Cut | EN

The cut of a Diamond is the only property which is totally dependent on man. Although often overlooked, cut is actually one of the most important aspects to consider when choosing your diamond.

A Diamond cutter analyzes the rough diamond, and has to determine how to extract the most beauty and most profit out of the rough stone.

Cut refers to not only the shape of the diamonds, but its proportions and finish, factors which determine the sparkle of the diamond.

It is possible to take the same stone, and depending on which method the cutter decides to use, to either cut it into the most beautiful stone it can be despite heavy weight loss and perhaps lower monetary value. Or else, he can cut a stone to its maximum weight and monetary value, but lose some "brilliance" and "sparkle"!

You see, even if you have two equal polished diamonds, both the same carat size, both the same color, both the same clarity, they may look completely different. How? There are many different shapes, and facets in a diamond. The weight can be distributed in different parts of the stone. For example, here's a picture of what is called in the Diamond industry an ideal cut stone:

The goal in terms of extracting the greatest beauty from a Diamond, is to have light enter a Diamond, disperse the light as it bounces inside the Diamond, thereby producing the different colors and sparkly effect, and finally returning as much light to the eye as possible.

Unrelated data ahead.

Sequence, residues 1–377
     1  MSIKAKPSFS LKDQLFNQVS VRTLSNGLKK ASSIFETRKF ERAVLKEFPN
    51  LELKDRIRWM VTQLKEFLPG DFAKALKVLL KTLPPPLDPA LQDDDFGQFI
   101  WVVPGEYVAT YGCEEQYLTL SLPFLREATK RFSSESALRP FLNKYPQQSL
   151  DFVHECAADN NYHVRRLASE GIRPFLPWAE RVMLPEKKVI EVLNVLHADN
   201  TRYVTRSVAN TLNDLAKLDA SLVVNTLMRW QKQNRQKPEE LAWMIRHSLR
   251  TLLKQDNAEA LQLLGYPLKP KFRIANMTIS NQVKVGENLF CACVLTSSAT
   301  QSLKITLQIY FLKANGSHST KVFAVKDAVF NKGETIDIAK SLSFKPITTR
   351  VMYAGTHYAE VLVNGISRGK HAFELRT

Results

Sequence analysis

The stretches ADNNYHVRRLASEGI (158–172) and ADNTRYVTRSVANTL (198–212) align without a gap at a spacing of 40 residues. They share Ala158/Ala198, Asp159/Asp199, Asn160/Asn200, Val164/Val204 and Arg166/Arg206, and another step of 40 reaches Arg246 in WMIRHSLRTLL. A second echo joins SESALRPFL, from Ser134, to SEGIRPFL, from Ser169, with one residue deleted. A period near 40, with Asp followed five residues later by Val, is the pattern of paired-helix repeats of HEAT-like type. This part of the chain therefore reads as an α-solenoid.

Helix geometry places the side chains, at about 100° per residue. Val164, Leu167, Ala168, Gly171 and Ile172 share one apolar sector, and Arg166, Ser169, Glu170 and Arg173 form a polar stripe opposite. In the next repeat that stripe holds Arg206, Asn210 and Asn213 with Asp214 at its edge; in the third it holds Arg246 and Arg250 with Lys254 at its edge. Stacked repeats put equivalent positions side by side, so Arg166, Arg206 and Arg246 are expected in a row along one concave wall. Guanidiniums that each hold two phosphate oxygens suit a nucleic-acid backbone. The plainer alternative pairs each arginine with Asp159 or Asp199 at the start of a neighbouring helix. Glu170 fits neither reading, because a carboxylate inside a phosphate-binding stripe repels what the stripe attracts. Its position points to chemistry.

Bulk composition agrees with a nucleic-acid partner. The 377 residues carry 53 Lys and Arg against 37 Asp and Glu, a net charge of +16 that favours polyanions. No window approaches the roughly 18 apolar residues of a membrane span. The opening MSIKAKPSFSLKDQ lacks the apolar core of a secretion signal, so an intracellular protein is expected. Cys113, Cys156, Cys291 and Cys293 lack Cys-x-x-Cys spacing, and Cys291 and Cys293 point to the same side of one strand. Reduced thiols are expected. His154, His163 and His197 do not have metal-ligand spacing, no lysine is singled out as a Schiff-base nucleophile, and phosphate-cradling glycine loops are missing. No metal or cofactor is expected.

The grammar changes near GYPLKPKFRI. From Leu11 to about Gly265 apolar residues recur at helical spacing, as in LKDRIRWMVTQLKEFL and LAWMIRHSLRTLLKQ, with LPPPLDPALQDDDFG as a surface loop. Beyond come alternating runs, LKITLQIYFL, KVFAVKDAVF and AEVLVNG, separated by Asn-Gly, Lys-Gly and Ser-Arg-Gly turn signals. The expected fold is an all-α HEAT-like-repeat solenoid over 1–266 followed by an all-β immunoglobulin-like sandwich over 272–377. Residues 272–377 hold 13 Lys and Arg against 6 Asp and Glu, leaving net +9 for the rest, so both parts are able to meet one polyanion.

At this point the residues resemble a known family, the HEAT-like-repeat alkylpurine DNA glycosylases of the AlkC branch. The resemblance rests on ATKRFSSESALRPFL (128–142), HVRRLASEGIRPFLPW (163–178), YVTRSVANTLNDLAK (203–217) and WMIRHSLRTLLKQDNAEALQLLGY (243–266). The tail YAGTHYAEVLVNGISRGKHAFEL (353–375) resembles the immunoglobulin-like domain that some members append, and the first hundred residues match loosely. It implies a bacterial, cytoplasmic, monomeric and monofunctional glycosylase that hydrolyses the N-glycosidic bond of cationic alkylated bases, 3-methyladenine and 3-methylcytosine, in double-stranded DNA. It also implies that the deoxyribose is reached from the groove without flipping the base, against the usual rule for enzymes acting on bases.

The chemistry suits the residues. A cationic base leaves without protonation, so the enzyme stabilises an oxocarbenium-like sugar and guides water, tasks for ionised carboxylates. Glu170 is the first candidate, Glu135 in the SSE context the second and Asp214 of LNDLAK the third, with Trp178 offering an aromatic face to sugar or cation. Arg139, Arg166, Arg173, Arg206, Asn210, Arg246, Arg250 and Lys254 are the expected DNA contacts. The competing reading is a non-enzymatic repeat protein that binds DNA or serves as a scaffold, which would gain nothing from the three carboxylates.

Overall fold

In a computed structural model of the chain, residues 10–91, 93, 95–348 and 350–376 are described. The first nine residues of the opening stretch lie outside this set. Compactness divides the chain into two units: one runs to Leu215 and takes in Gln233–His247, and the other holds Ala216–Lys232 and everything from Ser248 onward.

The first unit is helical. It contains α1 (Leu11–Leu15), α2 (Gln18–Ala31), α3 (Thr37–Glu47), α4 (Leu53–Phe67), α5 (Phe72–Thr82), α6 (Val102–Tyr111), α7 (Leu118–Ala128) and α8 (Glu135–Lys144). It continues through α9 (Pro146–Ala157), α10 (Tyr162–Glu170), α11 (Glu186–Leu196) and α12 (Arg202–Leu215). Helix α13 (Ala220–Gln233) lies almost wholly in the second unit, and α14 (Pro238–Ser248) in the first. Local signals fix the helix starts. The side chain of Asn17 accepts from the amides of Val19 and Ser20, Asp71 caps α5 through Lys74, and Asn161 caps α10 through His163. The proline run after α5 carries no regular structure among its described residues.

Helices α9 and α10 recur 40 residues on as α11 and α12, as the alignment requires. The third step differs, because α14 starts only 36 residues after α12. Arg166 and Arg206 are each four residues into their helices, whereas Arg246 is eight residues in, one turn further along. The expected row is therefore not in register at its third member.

According to conventional wisdom, the proportions shown above are the best for maximum light return. The 2-dimensional illustration below shows the theoretical path a ray of light will take through an ideal-cut Diamond. . As you can see, the rays of light entering the Diamond, reflect back to the eye. But it is possible for a diamond cutter to extract more weight out of the diamond by increasing the diameter of the stone. This will make the stone too shallow, and light may escape from the side of the stone, as shown here... or leak out of the bottom of the stone, like here... Another side-effect of this cut, is that it makes the stone appear larger. Don't be fooled by this. The fact that it appears larger than it is does not make it a better stone. If you compare a shallow stone to a well-cut stone, you will see the difference in how the well-cut stone "lights up".

By the same token, it is common to see the opposite problem. A stone which is cut too deep will "leak out light" in much the same way as the shallow stone. Here are two illustrations . . .
1)  and 2) .

This is not to say that a shallow or deep stone is a sign of a poor, or "low-quality" diamond cutter. Sometimes the shape of the rough diamond makes it impractical to cut a stone closer to "ideal" proportions without losing significant weight. But it is important to note the "light leakage" which will result from this cut.

Recently, GIA has published the first report of their 8-year study of the cut of Diamonds, using a 3D model rather than the 2D model in use since the early part of this century. So far, nothing practical has come out of this research, other than making the point that there are definciencies in the 2-Dimensional model, and that there are a great many different angles and proportions which can be just as beautiful as what is accepted as Ideal-Cut today. This point is well known to anyone who has graded many Diamonds.

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